APUSH Unit 3 Chapter 9.pdf - Chapter 9 The Confederation and Constitution Key Terms Articles of Confederation Definition \u25cf first American constitution

APUSH Unit 3 Chapter 9.pdf - Chapter 9 The Confederation...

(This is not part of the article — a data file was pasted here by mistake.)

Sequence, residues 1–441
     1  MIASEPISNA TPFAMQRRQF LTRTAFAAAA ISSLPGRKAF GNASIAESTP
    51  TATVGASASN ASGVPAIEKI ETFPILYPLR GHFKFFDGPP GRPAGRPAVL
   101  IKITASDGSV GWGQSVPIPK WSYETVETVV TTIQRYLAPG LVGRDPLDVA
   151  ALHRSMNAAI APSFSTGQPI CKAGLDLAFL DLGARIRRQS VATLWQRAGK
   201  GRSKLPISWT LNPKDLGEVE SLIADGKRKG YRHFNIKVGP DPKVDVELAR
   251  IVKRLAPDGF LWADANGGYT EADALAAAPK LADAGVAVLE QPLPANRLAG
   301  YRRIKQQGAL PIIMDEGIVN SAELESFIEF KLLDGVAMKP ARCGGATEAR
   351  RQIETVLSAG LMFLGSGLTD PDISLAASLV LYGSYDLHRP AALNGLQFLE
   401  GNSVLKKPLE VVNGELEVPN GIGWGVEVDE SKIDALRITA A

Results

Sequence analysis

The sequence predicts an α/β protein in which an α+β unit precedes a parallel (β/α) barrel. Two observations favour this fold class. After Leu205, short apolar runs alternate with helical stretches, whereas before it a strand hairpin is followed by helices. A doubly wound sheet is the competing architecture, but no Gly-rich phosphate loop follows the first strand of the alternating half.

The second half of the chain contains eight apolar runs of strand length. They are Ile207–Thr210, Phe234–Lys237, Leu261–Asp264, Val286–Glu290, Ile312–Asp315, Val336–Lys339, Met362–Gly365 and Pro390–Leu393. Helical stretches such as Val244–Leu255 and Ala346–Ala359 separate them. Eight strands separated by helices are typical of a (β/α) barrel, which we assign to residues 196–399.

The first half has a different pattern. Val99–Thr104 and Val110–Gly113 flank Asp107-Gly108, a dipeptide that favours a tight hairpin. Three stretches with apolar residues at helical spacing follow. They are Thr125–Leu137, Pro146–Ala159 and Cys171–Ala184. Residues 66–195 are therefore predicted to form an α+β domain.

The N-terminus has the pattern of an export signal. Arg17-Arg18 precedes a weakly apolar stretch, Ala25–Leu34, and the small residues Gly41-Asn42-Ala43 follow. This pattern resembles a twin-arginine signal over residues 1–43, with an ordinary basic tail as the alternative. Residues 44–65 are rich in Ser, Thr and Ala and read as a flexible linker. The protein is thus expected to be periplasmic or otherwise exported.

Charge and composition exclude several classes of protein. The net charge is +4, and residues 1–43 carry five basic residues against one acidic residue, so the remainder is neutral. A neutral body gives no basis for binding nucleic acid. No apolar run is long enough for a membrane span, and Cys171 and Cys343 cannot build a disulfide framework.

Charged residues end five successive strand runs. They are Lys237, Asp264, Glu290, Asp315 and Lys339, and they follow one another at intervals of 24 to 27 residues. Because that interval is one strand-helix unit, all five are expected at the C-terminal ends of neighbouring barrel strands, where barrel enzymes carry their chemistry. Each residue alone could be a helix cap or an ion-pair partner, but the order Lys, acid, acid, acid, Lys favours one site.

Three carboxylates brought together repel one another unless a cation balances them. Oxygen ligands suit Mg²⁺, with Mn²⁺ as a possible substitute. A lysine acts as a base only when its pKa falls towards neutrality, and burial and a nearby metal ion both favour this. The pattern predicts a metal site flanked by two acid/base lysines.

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Chapter 9 : The Confederation and Constitution Key Terms Definition Articles of Confederation first American constitution that established the United States as a loose confederation of states under a weak national Congress Not granted the power to regulate commerce or collect taxes. No executive branch (Anti-England) States rule and create their own constitutions They were replaced by a more efficient Constitution in 1789 Constitution Basic : Separation of Powers - Executive, Legislative, Judicial Checks and balances, bill of rights (first 10 amendments to constitution) Old Northwest territories acquired by the federal government from the states, encompassing land northwest of the Ohio River, east of the Mississippi River and south of the Great Lakes well-organized management and sale of the land in the territories under the land ordinances of 1785 and 1787 established a precedent for handling future land acquisitions. Land Ordinance of 1785 provided for the sale of land in the Old Northwest and earmarked the proceeds toward repaying the national debt Northwest Ordinance created a policy for administering the Northwest Territories. It included a path to statehood and forbade the expansion of slavery into the territories. Problems with English in Great Lakes and Spain on Mississippi River Pirates in the Mediterranean Shay’s Rebellion (Fall 1785) armed uprising of western Massachusetts debtors seeking lower taxes and an end to property foreclosures. Small, poor farmers rising up with Daniel Shays Moment when more states see problems with Articles Though quickly put down, the insurrection inspired fears of "mob rule" among leading Revolutionaries. Virginia Plan "large state" proposal for the new constitution calling for proportional representation in both houses of a bicameral Congress. The plan favored larger states and this prompted smaller states to come back with their own plan for apportioning representation. New Jersey Plan "small-state plan" put forth at the Philadelphia convention proposing equal representation by state, regardless of population, in a unicameral legislature. Small states feared that the more populous states would dominate the agenda under a proportional system Great Compromise popular term for the measure which reconciled the New Jersey and Virginia plans at the constitutional convention, giving states proportional representation in the House and equal representation in the Senate.
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